Waking up in the middle of the night when you would like to be asleep can be a frustrating experience. Luckily, there are multiple research-backed strategies and relaxation exercises meant to promote relaxation and reduce tension.

Deep Breathing

Experts recommend using slow, deep breathing to fall back asleep. This type of breathing may activate the parasympathetic nervous system, which is involved in relaxation and sleep. One such breathing technique is called the 4-7-8 method which involves four seconds of inhalation through the nose, holding the breath for seven seconds, and then exhaling through the mouth for eight seconds.

Mindfulness Meditation

Mindfulness meditation may also help improve sleep quality. Mindfulness meditation involves purposefully focusing on the present moment and paying attention to what occurs from a place of curiosity rather than judgment. A variety of techniques exist, including meditation that incorporates specific breathing patterns. People interested in trying mindfulness meditation can seek out courses or listen to recorded guidance using a smartphone or another device.

Box Breathing

To engage in box breathing, breathe in for four seconds, hold the breath for four seconds, exhale for four seconds, and hold the breath again for four seconds. You may find it helps to imagine working your way around a square box as you breathe. Keep repeating this pattern of inhaling, holding, exhaling, and holding the breath again. If four seconds is not the ideal length of time for you, you can adjust it up or down.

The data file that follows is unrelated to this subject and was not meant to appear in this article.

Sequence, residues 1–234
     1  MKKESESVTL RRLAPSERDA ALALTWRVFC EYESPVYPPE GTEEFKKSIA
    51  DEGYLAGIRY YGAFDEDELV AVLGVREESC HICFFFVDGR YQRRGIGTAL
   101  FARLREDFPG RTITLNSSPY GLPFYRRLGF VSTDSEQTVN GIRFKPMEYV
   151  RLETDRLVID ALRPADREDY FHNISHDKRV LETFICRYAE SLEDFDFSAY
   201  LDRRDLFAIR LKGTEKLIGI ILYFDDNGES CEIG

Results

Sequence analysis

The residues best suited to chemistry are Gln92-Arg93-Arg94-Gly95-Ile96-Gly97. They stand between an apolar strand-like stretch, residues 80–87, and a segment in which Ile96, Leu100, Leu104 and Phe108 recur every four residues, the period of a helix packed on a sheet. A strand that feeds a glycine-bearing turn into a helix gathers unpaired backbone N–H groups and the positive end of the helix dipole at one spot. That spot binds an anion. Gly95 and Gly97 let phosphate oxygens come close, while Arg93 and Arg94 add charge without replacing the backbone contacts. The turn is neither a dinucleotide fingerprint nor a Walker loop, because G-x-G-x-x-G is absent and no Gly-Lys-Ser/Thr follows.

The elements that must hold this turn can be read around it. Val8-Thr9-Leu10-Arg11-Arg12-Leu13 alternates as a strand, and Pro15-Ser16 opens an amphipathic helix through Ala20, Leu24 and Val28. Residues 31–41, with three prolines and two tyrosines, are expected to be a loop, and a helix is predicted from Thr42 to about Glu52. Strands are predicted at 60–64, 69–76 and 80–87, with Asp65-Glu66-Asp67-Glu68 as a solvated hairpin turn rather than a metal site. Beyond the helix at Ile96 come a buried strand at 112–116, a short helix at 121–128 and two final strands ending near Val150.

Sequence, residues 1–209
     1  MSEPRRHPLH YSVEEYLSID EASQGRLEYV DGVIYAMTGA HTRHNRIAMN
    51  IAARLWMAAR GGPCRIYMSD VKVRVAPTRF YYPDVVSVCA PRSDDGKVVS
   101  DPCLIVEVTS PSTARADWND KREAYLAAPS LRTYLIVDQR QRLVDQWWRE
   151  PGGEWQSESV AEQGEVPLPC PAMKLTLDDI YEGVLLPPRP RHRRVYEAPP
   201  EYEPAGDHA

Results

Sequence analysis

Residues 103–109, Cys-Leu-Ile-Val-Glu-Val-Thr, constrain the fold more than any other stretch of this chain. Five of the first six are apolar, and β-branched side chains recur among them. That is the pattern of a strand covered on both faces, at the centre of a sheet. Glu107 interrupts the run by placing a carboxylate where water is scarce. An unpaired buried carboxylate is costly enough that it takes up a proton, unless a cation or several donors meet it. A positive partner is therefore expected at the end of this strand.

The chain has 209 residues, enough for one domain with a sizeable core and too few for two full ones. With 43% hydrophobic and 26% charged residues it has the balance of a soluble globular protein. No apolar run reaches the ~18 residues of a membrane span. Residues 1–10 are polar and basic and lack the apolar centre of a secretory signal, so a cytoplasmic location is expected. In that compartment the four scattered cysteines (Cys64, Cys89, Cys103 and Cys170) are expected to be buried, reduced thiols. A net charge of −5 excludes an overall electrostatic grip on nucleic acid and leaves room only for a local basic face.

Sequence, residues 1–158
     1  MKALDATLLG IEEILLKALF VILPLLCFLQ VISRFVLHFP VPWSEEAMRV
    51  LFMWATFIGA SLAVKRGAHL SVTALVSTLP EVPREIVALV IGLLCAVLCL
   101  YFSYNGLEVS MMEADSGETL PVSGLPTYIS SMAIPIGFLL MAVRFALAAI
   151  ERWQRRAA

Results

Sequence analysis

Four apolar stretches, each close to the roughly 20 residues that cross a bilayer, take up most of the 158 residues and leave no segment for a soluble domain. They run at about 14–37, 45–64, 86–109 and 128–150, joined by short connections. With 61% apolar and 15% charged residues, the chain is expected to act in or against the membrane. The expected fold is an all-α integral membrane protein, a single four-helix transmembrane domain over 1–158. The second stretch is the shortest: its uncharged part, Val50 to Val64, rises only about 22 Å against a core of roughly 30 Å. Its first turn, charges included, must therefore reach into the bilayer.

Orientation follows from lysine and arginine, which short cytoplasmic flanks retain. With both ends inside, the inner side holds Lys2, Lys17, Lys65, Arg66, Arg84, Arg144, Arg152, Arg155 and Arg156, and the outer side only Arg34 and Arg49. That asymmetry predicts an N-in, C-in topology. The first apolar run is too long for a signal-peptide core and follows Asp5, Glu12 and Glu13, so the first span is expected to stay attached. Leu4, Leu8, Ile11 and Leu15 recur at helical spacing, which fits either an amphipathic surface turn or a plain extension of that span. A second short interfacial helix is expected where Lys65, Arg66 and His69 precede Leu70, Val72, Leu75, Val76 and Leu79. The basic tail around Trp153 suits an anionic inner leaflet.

Guided Imagery

A recording can help guide you as you practice visualizing somewhere peaceful, like a beach. As you visualize the setting, try to imagine what you would be experiencing through all five senses. For example, try to see, hear, smell, taste, and feel the sensations you would if you were in the setting you are imagining.

Progressive Muscle Relaxation (PMR)

This technique involves progressively tensing and then relaxing each muscle in the body. You can start with your feet, then move up to your head one muscle group at a time, or vice-versa. After you tense a muscle, try to keep it contracted for at least five seconds, then slowly release it. Guided recordings are widely available to talk you through progressive muscle relaxation.